Eric Burdon: Yeah, and of course by that time Jimi had burned so many axes, and made so many psychedelic sacrifices that's what the audience's chant became Burn the guitar! Bum the guitar! And at this time Jimi was trying to reach Miles Davis and become the Jazz icon that he should of been. In fact he would have created a new jazz that we all need and a kind that's missing today.
Straight Ahead: During the last week of Jimi's life he had the opportunity to come and jam with you and War at Ronnie Scott's club. This was Jimi's last public appearance and it took place on Wednesday September 16th. What can you tell us about this jam?
Eric Burdon: I hadn't seen Jimi for about a year, but I'd hear about him and keep tabs on him through people like Alvina Bridges in New York, and Eric Barrett his road manager. Anyway, I came into London with War and Eric Barett came to see me. He said you've got to go and see Jimi because he hasn't been across the door for six months. This was during the period when he met Monika and he was doing his own private thing away from the road. My reaction to Eric was, "hey I've tried to reach that guy on several occasions, if he's in that kind of a mood, ain't nobody can bring him out of it until he's ready to come out of it... I ain't going to him ... if wants to come talk to me, I'm playing at Ronnie Scott's club tonight." So one night later he came down.
Staight Ahead: That had to be on the Tuesday the fifteenth.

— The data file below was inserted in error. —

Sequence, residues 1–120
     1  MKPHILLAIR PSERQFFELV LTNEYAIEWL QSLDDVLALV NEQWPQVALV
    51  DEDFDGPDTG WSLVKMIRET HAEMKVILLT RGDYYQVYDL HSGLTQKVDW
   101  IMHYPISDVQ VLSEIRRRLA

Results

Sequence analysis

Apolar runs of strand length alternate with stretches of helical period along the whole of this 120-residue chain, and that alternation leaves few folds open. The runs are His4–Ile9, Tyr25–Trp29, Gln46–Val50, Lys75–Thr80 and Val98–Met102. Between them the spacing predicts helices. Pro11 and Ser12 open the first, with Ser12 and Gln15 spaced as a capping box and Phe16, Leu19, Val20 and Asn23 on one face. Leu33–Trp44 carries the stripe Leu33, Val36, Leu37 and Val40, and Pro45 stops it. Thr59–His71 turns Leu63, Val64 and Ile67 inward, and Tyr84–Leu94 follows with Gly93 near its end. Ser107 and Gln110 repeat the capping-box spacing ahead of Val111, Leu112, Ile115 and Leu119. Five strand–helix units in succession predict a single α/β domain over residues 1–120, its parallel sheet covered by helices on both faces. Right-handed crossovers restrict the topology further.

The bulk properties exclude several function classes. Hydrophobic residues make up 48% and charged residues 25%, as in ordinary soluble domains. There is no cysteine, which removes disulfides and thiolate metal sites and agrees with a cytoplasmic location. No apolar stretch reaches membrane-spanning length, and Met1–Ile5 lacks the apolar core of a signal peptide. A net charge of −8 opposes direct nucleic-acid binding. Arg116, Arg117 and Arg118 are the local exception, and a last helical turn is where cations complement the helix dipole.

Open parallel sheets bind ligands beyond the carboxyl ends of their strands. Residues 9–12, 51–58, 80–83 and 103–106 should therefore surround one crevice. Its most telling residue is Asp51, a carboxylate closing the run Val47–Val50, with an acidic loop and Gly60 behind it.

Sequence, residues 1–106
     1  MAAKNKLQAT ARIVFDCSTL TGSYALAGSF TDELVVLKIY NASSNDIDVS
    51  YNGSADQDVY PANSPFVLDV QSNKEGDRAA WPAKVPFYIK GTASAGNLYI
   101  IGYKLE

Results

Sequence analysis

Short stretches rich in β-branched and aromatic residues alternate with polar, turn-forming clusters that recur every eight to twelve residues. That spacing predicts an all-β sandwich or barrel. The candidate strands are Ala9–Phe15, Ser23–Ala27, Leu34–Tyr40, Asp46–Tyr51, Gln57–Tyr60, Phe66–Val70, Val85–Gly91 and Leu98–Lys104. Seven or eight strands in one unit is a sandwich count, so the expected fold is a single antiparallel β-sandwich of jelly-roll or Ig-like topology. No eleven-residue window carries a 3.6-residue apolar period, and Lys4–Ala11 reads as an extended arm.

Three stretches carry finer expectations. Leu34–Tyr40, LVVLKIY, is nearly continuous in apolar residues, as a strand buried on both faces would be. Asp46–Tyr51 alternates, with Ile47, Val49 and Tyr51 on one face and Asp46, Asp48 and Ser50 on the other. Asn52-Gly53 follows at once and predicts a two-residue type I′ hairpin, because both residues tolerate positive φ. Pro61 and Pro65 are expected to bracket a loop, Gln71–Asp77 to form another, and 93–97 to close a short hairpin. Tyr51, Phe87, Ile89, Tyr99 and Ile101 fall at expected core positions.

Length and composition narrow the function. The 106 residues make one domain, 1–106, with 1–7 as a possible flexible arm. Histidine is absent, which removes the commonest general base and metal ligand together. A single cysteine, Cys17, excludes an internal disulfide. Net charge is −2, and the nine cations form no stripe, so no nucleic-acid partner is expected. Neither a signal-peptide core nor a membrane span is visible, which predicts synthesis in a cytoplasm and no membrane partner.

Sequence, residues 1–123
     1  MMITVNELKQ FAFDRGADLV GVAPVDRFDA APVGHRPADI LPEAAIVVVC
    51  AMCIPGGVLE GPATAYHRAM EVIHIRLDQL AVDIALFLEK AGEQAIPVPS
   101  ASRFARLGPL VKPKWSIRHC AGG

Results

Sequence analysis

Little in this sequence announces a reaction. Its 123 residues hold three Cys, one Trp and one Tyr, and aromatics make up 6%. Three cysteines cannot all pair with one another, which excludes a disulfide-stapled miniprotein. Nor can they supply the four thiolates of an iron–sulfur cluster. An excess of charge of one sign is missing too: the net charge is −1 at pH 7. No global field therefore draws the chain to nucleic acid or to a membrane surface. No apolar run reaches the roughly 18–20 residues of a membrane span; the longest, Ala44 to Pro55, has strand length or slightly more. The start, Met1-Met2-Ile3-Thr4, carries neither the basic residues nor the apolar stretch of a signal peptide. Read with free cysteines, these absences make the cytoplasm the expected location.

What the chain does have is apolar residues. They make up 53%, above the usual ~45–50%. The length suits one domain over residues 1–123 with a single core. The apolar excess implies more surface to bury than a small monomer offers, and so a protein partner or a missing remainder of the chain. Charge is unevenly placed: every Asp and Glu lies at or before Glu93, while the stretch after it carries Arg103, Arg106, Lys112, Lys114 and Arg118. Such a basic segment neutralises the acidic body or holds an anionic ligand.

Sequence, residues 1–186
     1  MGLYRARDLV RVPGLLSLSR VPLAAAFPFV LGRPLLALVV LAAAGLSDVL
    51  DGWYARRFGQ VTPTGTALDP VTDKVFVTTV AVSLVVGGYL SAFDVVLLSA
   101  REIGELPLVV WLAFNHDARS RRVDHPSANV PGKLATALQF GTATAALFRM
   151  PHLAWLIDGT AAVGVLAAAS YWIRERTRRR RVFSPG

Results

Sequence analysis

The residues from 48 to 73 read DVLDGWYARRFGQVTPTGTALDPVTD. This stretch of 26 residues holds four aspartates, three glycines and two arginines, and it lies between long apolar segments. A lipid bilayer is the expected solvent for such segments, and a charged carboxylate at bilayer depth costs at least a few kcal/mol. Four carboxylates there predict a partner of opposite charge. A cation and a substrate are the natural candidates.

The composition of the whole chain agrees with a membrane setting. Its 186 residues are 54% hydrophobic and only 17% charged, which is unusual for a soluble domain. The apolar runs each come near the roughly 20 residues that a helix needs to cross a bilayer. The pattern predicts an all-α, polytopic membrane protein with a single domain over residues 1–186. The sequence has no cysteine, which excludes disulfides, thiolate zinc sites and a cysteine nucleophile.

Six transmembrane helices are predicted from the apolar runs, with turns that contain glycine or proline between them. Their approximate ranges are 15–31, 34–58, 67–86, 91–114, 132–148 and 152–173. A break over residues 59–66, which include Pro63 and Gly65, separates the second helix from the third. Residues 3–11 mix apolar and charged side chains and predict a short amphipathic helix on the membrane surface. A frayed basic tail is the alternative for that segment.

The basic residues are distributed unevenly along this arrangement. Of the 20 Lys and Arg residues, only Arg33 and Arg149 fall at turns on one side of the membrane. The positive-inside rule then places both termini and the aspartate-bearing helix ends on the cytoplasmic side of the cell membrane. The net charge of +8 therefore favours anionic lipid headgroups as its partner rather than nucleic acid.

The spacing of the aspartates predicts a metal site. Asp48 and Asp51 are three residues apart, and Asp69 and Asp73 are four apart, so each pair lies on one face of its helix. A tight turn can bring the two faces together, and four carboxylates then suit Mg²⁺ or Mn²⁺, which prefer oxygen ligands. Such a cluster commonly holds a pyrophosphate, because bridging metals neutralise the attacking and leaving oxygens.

Eric Burdon: He came in with a string of ladies on his arm, including my Mrs .... who I hadn't seen in awhile ... "Hey Angie, how ya doin' babe?" It was all cool and nobody said anything. We were just glad that the guy had come out of hiding and across the door, out in public. On the night that he jammed with us, he came up and played on the last few tunes in the set. It was a jazz audience .. the London jazz brain intellectual circuit. It's not unknown for them to boo people off the stage especially if they are rock and rollers. When we went in there with War, it was a very adventurous thing to do. We were the first rock band to ever play there. It was an experiment, and to have Jimi come Jom in, it was great! We were on cloud nine ... but the audience gave him a hard time and booed him off. So he left and went back stage. I went to go have a talk with him. I told him, "don't give up, you've come across the door this far, don't stop now dude, get out there and play motherfucker!" He went back out and there was a problem with a fight for control of the band between Howard Scott, our guitar player, and Jimi. Howard forced Jimi to the background and Jimi was playing rhythm guitar during "Tobacco Road." The fire was building and I heard Howard play solos like I never heard him play before. He really forced Howard to shine that night. Then he came back and did a rip-roaring performance in grand Jirni Hendrix style. Afterwards, Jimi said I'll see you around and that was it. I never saw him again.